Patient Safety: Lessons Learned
Back to Basics: Reading Reduces Medical Errors
By Alexis Victoria Murshed, RN, MBA, CPHRM, CLNC, Director of Patient Safety Operations, Stanford Center for Advancing Patient Safety (CAPS)
The health care industry worldwide has seen an increase in the use of technology for both efficiency and safety. Barcode scanners can help prevent wrong patient, wrong concentration and wrong medication errors from occurring. Although technologies such as these have helped decrease errors, while also increasing efficiency, errors still occur. Technology is only as good as its user and there are still human factors involved in utilizing technology.
In reviewing numerous events and near misses a trend has emerged that is concerning—health care staff are becoming overly reliant on technology. In the absence of technology, many are skipping the essential step of reading. Below are some notable events related to this “failure to read” phenomenon occurring around the nation.
- An anesthesia provider handed a paralytic to a second anesthesia provider, verbalizing the name of the drug. The second provider drew up the drug and administered it without reading the label. When the patient failed to recover, it was found that the wrong paralytic was given. When questioned, the second provider admitted to not reading the label and heard something different than what was verbalized. The patient did recover without sequel, but was frightened when she could clearly hear the command to move and yet was unable to do so. This event could have been prevented by the simple act of reading the label.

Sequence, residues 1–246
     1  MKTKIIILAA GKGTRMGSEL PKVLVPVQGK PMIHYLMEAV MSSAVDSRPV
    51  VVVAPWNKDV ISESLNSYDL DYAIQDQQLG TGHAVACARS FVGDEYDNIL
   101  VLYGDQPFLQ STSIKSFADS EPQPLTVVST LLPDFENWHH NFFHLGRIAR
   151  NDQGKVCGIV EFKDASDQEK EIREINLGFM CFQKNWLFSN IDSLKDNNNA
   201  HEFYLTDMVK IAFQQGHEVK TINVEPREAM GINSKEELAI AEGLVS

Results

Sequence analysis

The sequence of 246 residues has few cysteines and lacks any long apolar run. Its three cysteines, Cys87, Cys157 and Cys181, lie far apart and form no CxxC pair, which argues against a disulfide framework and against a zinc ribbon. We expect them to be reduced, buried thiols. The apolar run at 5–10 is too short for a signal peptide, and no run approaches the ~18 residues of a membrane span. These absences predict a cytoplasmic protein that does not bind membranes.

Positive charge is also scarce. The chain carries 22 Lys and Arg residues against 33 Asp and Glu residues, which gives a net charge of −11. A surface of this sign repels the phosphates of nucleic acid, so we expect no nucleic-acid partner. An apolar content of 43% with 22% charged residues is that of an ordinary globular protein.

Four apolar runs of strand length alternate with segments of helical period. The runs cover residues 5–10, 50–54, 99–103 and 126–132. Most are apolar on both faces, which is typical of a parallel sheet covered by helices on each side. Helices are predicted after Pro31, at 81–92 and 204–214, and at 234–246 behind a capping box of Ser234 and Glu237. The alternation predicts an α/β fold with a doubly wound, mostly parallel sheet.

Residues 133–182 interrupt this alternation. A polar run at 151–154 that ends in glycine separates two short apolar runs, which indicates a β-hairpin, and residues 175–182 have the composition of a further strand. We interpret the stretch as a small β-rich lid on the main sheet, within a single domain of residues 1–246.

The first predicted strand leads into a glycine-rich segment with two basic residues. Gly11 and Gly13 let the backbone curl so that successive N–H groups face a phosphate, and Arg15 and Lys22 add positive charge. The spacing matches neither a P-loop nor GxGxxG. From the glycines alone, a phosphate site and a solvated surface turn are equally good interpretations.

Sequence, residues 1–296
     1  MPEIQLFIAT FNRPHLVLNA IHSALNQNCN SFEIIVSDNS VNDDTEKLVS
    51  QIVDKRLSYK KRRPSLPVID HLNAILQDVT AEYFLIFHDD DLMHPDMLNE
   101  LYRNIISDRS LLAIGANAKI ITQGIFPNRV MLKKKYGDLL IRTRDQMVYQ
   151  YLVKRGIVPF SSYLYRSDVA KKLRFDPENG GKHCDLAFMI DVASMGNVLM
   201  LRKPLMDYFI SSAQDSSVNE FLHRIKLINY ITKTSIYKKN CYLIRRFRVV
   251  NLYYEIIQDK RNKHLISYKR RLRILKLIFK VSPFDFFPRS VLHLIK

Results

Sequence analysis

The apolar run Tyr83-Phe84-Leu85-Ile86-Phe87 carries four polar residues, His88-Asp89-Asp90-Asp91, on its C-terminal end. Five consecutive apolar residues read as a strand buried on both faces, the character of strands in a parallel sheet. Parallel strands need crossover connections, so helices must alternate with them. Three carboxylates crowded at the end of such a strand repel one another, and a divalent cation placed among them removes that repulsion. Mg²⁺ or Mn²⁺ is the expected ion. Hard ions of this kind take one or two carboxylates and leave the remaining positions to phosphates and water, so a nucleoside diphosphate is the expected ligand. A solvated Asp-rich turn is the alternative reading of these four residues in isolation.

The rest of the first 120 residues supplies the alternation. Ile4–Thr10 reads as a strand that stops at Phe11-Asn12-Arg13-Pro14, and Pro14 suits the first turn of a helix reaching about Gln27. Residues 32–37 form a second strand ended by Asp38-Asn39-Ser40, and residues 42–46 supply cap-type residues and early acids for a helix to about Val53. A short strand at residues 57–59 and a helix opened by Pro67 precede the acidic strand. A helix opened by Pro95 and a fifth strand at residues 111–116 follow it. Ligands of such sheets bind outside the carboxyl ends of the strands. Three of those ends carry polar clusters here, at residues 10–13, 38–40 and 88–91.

- A critical patient required blood products and the pre-transfusion process was completed. When the blood product was received and scanned by the nurse, an alert appeared stating that the blood product had already been given. The nurse failed to read the warning, overrode the alert and administered the blood product. While documenting the post-transfusion vital signs, it was noted the product was given to the wrong patient. The blood should have been given to the second patient in the same room. In this case, there were two opportunities to prevent the error. First, the alert should have been investigated, and second, the nurse should have read the label and compared it to the patient’s wristband. The blood product was platelets and not packed red blood cells, so the patient suffered no ill effects. But this error could have been prevented by reading the label.
- Two residents performing a procedure to stop a wound from bleeding required the use of adhesive remover, but failed to read the flammable warning on the product label. The residents sprayed the aerosolized product on the skin to remove the bandage while a cautery was also being used. The heating element of the cautery ignited the aerosol spray and caught the bed linens on fire. The patient suffered a full thickness burn to her leg but recovered after undergoing procedures to treat the burn.
These are just few cases that illustrate the importance of reading. There will always be distractions in our days, especially in the complex environment of health care, but we must get back to basics to continue providing excellent care to our patients. Reading is one of the essential tasks in preventing medical errors, especially in the presence of adjunct technology.